James Hilton’s new book, which arrived after a busy week, drew me in instantly with a great introduction.

Hilton’s inspiration was the 2012 comment that Sir Michael Wilshaw made about headteachers not knowing what stress is. He skilfully addresses the “elephant in the room” by explaining his views and personal experiences as a primary head within the first few paragraphs.

By the time I finished the introduction, I was aware of what to expect from the ten chapters to come and was reassured to be reading about the valuable experiences of someone who has done the job rather than someone who is paid to advise others how to do the job.

Working with Chris Roome, Hilton has made an accessible guide to the challenges of leading a 21st century-school. Roome, who has worked as a mental health therapist, acted as a consultant: together their insights prove to be page-turners from the start.

Hilton backs up his open and honest explanation of his experiences of stress and anxiety with a practical “how to take control guide” at the end of chapter one, full of valuable points for me to consider about my own working practices. In fact, in some cases, he could be writing about some of the things I have seen other teachers suffer in all of the schools I have worked in.

To demonstrate to Wilshaw that the issue of stress isn’t a personal battle, he has included interviews from a variety of teachers, with more practical tips at the end of each chapter. These contain a wealth of ideas and suggestions to take back into classrooms and could be used as CPD sessions on their own.

He takes Wilshaw to task in chapter two, using data to back up the argument that we understand a little about stress in the teaching profession. In fact, there is an argument, which Hilton presents, that the chief inspector might be part of the problem. A range of sources are used, from unions, to external research – even the Department for Education gets a mention.

Rather than just a rebuke, however, Hilton rises above the personal and provides useful activities to try in school, to start the conversation with colleagues about what is still a difficult and sometimes taboo subject.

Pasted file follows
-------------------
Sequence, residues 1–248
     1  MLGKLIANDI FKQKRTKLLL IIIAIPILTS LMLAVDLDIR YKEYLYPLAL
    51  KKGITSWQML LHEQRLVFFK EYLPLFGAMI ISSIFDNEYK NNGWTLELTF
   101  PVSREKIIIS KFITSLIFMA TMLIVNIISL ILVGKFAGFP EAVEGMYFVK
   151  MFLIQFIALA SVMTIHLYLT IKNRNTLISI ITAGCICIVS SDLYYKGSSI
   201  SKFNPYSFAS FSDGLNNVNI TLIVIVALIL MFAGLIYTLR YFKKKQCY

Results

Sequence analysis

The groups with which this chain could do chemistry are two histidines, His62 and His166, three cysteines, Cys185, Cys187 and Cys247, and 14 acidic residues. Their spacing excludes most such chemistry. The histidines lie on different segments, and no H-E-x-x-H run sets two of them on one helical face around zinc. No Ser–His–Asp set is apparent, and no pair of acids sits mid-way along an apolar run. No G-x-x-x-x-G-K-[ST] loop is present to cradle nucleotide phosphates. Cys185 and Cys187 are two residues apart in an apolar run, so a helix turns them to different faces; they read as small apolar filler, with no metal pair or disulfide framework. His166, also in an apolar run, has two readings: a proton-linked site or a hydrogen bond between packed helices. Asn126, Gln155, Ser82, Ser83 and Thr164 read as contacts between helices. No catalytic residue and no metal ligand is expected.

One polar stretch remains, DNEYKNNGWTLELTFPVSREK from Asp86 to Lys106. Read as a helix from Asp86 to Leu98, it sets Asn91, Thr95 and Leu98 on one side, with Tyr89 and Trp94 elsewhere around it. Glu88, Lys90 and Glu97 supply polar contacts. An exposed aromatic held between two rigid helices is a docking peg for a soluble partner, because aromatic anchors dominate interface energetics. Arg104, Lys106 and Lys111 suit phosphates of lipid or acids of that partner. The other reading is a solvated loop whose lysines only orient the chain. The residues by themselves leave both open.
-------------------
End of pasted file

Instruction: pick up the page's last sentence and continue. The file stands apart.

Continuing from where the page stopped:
He then addresses the real issues that cause stress in our profession and writes with sensitivity about dealing with difficult parents and challenging staffing situations. The less than developmental process of an Ofsted inspection, which some might suggest has caused the most stress in our day-to-day lives over an extended period, is tackled under the banner of dealing with the “ultimate uncontrollable”.

A “before, during and after” approach provides a great set of ideas that will help all heads and leadership teams to develop their planning – and could to be used to take on the men and women in suits with confidence and vigour.

The highlights for me, however, are the chapters that are the most personal. They deal with recovery from difficult situations, developing positive habits and working in sustainable ways in an increasingly stressful profession. My favourite chapter, and one that rings more than a few bells with the ideas behind Ross McGill’s #teacher5aday, is based on staying positive.

It is a book to be read from cover to cover or skimmed in small chunks. It will make you think and to help others. Something Wilshaw might ponder in his next incarnation: supporting and challenging his staff.